From enticing food photography, to fashion to now forex, the social media revolution is well underway in all aspects of our lives. Over the last decade or so, social media companies have made the all-important journey from ‘curiosity to adoption to now trust’-in the minds of the consumer. We do not even for a moment doubt the veracity of an employment status update of an ex-colleague or a trans-national migration by an old friend. It is this trust, coupled with routinely breaking news, that has bestowed upon social media its transformative power. When it comes to staying connected and updated, social media seems to be the panacea for all ills.
But is it?
The Reserve Bank of India (RBI) recently issued a cautionary press missive, concerning misleading advertisements of unauthorized Electronic Trading Platforms (ETPs) that are offering forex trading facilities to Indian residents. These are available on social media platforms, search engines, Over The Top (OTT) platforms, gaming apps and the like. I’m all for convenience- but the RBI also mentioned that there have been reports of ETPs engaging agents who personally contact gullible people to undertake forex trading/investment schemes.
First off, how and when did forex trading intersect with social media at all?
The big 2 of social forex
Forex as an industry has been more suitable for the LinkedIn and Twitter environment than the Facebook one. Over 1 billion new content pieces are uploaded weekly on Facebook. But as a platform, Facebook was never high-brow or corporate, but rather a place to connect on a more personal basis. Hence, there is but the occasional Facebook page offering Forex content, or the Instagram page suggesting a transaction.
LinkedIn is highly influential. All the major experts in Forex run and maintain active profiles on LinkedIn. They share their insights and tips for other traders to see. Many big names in the Forex brokers’ arena have a serious presence on LinkedIn. Most of them have a group, in which they share all the details of their offering, content, as well as the latest developments in the market in general, and their company specifically. However, it can be used to oversell leverage- Forex markets allow high leverage—50 to 1 for some currencies; someone with only $1,000 to trade can trade $50,000 worth of currency. The opposite, losing everything you have, and more, is also true.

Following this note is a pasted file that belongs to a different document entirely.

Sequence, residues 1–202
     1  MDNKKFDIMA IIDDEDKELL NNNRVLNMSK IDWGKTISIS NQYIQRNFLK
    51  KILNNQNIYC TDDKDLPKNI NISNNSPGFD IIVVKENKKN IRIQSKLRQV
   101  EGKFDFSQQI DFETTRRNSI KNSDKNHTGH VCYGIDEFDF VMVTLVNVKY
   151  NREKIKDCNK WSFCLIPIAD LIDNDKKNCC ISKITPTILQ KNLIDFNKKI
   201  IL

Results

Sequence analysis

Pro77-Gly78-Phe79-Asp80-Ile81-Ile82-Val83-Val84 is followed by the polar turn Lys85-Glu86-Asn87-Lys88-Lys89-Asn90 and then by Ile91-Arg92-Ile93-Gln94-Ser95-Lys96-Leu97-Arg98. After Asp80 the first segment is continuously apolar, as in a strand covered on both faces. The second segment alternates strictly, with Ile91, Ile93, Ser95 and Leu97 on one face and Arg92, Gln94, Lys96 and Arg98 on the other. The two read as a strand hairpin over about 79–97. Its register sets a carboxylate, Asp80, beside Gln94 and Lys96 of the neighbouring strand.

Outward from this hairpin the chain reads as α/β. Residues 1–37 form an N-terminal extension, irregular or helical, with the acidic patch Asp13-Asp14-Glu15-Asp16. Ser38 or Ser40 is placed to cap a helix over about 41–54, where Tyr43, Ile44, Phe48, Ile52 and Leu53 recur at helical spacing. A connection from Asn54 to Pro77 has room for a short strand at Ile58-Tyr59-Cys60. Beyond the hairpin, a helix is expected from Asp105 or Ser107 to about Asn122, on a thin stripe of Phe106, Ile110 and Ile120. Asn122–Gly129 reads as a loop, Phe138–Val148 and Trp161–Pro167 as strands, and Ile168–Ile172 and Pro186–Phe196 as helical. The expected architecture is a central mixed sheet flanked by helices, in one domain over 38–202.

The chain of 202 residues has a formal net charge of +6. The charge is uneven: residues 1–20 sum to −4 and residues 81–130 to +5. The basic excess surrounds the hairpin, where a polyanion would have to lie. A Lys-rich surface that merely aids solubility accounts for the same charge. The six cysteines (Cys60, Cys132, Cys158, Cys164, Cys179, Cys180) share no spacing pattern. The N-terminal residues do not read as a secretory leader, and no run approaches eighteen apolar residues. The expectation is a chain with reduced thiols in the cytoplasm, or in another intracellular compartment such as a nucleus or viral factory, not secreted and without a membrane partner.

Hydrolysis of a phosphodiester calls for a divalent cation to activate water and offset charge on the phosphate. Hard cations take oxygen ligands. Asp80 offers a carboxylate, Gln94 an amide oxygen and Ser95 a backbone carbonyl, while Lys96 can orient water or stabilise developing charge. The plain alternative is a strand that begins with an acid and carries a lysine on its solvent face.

Twitter is perhaps another platform where maximum precaution is needed. Several accounts sell Forex. Twitter is a serious medium; hence it is not out of place for online Forex portals to share their insights in the form of news, analysis, articles, or reviews of Forex products. What should raise your hackles is if you find that there is no engagement in these fake accounts because the tweets (updates) are being generated automatically by what is known as bots, completely missing the point of Twitter.
Twitter posts like “I get paid in my sleep’ form a common enticement pattern. Such posts originate from a new breed of forex traders, who share opportunities for ‘mentorships.’ They follow this up with posting about an aspirational lifestyle. The more people they can persuade to sign up, the more money they start to get back. This is the roll-out of an MLM (multi-level-marketing) chain that, ostensibly, intends to make you rich overnight.
As a consumer, you’re in a quandary. What to believe and what not to. Let’s look at this dispassionately for a moment-
1. We are talking about a subject that is at the intersection of personal finance and embedded finance. So, there are two perspectives-From the personal finance perspective; reports of such ETPs offering disproportionate/ exorbitant returns to vulnerable consumers presents a scary scenario. Consumer advocacy and education is urgently needed in this sector, because frauds are emerging and many residents are losing money through such trading/ schemes. From the embedded finance perspective, such reports of fraud will erode consumer confidence in the idea of ’digital forex.’ The fintech industry has worked long and hard for the consumer to view ‘digital forex’ and ‘digital payments’ as reliable tech solutions. Hence, the e-commerce company on whose platform the forex solution is being offered, must step up and take responsibility to ensure that all regulatory requirements are met and this must not bother the consumer. The platform must have the appropriate license from the regulator and undertake all underlying AML and KYC checks before allowing for any payment to go through.
2. Indian residents can undertake forex transactions only with authorized persons and for permitted purposes, as per the Foreign Exchange Management Act, 1999 (FEMA). While permitted forex transactions can be executed electronically, they should be undertaken only on ETPs authorized for the purpose by the RBI or on recognized stock exchanges (National Stock Exchange of India Ltd., BSE Ltd. and Metropolitan Stock Exchange of India Ltd.) above list of authorized persons and authorized ETPs is available on the RBI website.
Social media and forex trading have become deeply intertwined in recent years. The carefully curated feeds (if you follow the right accounts) are just information and must be treated as that.
What needs to be understood is that you can have an active and successful trading life without going on social media at all. Likewise, you can be an influencer on social media without ever using it for forex transactions.
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